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Given a symmetric matrix $A$, the maximum of the trace, $Tr(Z^TAZ)$ under the assumption that $Z^TZ=I$ occurs when $Z$ has the eigenvectors of $A$, as $Tr(U^TAU)= \lambda_1 +\lambda_2+...\lambda_ d$ where $Z\in\mathbb{R}^{n\times d}$. I know that the eigen vectors being the solution is as a result of the Courant minimax principle.

q1) Now, I have faintly heard about non-orthogonal eigenvectors, and am very curious to know, why they are called so? Is this because they form a basis of the eigen-space of $A$ and are still non-orthogonal? What is its relation with the Courant Minimax / Courant Fischer characterization, if any?

q2) How does it fit into the trace maximization formulation given above? Especially, if there is no other constraint, when the orthogonality is dropped, doesn't the problem become unbounded or ill-posed? if so, what are these non-orthogonal eigenvectors, optimizing?

q3) If the matrix $A$ was not symmetric or non-normal, then what are its non-orthogonal eigenvectors solving for? or may be is this connected it to an SVD instead in this case?

q4) When i Google, for applications of non-orthogonal eigenvectors, i just find nothing. What are its uses!?

Please restrict your answers to be within the matrix algebra setting as much as possible, unless it strictly requires discussing it through other fields of mathematics.

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q1) In the case of repeated eigenvalues, like you say, any eigenvectors in the repeated eigenspace could be chosen even if they are not orthogonal. You could also be hearing about nonorthogonal eigenvectors in the context of nonsymmetric matrices, which generally don't have orthogonal eigenvectors. Having orthogonal eigenvectors is one of the nicest things about symmetric matrices.

q2) If you remove the condition $Z^TZ=I$, you could make the trace as large as you want by choosing any $Z$ where the trace is positive, and scaling $Z \rightarrow c Z$ by a larger and larger constants $c$. If instead the condition is relaxed to have the columns of $Z$ be unit vectors, then the maximum would be where all of the columns of $Z$ are identically equal to the most dominant eigenvector (eigenvector with the largest eigenvalue). If you make the columns of $Z$ all orthonormal, then that is equivalent to the original constraint $Z^TZ=I$.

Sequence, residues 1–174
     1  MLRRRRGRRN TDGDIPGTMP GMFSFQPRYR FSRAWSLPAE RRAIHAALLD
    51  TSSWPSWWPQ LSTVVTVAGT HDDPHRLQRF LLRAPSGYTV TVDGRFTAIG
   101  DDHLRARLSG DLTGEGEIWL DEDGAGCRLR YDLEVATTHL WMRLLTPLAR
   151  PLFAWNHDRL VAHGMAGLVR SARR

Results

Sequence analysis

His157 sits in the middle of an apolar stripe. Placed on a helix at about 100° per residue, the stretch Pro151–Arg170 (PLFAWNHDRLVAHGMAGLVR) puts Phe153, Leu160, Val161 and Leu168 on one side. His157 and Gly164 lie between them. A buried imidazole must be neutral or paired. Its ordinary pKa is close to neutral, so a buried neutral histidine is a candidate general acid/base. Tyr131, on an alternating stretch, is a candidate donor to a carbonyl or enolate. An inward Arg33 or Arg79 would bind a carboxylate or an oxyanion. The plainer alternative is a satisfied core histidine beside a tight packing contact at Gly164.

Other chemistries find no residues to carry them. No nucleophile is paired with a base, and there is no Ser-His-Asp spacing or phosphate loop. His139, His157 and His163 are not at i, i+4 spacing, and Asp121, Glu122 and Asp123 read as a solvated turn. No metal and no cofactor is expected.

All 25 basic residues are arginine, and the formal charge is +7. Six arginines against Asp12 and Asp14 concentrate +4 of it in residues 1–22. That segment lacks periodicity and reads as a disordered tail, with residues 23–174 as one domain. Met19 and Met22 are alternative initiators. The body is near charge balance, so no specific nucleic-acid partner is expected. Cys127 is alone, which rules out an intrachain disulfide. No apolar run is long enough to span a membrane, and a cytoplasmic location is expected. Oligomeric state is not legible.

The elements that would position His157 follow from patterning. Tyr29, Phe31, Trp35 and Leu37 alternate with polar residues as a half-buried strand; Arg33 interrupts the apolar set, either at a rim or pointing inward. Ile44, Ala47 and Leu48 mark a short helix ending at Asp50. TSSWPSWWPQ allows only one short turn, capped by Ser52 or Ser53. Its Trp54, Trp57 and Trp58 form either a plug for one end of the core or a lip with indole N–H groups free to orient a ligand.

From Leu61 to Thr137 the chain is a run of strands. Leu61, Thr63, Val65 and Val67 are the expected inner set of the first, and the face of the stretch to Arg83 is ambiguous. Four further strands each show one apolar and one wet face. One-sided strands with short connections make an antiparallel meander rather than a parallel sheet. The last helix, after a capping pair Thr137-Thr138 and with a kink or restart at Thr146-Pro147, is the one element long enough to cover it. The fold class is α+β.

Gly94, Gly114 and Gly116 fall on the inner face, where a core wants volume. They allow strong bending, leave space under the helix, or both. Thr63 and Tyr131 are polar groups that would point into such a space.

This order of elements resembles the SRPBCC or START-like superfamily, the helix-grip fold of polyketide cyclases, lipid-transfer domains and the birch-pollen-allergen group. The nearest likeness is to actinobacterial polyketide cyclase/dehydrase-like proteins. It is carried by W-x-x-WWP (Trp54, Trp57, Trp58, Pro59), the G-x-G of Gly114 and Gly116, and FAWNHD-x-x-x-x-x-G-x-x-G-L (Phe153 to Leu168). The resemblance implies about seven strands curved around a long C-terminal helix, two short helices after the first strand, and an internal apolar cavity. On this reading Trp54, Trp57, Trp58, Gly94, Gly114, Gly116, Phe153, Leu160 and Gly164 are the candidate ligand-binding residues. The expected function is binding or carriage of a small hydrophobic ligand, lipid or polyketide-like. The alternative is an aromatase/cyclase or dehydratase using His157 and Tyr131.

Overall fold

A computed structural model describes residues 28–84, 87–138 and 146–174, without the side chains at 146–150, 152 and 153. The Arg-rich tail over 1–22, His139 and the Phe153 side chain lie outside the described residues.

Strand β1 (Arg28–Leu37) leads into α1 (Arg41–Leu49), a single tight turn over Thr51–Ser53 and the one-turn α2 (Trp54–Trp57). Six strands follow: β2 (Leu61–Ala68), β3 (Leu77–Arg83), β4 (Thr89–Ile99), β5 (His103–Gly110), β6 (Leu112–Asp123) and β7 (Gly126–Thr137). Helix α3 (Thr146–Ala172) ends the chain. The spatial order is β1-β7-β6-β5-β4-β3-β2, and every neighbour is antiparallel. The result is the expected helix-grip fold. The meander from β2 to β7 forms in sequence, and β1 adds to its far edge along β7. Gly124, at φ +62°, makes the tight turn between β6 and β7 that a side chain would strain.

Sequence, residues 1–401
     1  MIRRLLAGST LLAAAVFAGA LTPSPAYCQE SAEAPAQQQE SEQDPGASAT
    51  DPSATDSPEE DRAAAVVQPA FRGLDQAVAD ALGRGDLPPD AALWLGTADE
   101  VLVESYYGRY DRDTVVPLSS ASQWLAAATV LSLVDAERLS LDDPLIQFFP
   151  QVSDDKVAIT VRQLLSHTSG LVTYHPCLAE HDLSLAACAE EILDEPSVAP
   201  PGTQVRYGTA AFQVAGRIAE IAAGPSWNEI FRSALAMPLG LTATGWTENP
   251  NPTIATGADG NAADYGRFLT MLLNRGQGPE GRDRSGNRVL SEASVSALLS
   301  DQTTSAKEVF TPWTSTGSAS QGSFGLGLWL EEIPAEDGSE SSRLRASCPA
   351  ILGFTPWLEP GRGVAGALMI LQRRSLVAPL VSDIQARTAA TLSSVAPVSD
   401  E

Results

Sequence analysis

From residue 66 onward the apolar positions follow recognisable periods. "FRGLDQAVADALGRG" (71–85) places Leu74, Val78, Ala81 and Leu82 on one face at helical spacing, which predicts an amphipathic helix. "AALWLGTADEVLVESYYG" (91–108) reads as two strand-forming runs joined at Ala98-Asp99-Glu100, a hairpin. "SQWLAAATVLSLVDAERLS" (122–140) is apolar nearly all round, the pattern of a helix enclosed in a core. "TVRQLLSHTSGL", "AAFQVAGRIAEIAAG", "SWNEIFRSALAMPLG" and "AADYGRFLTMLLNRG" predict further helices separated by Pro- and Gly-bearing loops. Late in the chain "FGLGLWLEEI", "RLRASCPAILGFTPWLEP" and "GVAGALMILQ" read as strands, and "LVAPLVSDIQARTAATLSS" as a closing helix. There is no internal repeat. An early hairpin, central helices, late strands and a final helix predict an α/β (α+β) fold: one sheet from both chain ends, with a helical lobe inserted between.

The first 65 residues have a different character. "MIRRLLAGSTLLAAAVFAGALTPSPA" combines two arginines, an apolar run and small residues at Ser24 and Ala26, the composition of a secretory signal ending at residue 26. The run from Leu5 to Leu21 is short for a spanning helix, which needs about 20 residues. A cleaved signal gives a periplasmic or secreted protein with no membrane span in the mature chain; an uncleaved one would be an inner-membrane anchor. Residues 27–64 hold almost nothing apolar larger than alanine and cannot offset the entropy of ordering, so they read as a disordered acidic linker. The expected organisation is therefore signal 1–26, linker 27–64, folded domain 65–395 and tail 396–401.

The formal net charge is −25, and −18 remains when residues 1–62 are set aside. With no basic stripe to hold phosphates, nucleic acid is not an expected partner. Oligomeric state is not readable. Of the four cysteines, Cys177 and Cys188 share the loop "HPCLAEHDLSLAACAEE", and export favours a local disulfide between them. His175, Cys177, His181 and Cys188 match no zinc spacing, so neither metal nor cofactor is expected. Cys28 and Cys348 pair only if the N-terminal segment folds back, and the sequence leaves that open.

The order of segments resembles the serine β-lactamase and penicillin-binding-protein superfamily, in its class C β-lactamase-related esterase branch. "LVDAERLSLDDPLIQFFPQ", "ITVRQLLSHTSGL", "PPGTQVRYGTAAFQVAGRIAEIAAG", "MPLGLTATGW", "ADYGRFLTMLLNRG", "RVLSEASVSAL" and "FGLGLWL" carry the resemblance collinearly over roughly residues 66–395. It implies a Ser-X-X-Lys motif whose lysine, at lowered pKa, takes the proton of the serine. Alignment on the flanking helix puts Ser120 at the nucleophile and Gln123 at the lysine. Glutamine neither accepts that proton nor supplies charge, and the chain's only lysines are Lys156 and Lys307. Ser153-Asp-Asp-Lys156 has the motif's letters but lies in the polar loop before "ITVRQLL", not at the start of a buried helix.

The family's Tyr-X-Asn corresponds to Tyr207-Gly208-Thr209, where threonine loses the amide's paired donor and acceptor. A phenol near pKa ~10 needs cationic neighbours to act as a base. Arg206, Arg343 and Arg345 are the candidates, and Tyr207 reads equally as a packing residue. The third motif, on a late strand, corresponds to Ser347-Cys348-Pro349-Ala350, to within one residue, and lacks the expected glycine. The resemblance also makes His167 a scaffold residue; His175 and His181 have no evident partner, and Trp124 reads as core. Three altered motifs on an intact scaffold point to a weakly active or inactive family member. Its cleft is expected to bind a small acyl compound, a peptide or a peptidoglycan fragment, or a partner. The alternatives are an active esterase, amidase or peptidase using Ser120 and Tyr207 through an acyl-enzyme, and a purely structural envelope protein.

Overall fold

q3) Not sure what this is asking. They are just the eigenvectors. Perhaps you are asking if there is a variational characterization of eigenvalues of nonsymmetric matrices? I don't know of one but there might be. The singular vectors and values always have such a variational characterization and it is related, but for nonsymmetric matrices the singular value decomposition is a different thing from the eigenvalue decomposition.

q4) Uses of the eigenvalue decomposition, symmetric or not, are hugely useful in more ways than I can post. They can be used when you want to apply the matrix again and again and again without doing the matrix product each time. They characterize the sensitivity of the matrix's action to different inputs - the dominant eigenvector is the most sensitive one, eigenvectors with smaller eigenvalues are correspondingly less sensitive. In basically any application where matrices are, the eigenvalues and eigenvectors are going to represent something important or interesting. In the nonorthogonal case, the minimum angle between eigenvectors characterizes how close the matrix is to being singular, which is important in many nummerical methods.

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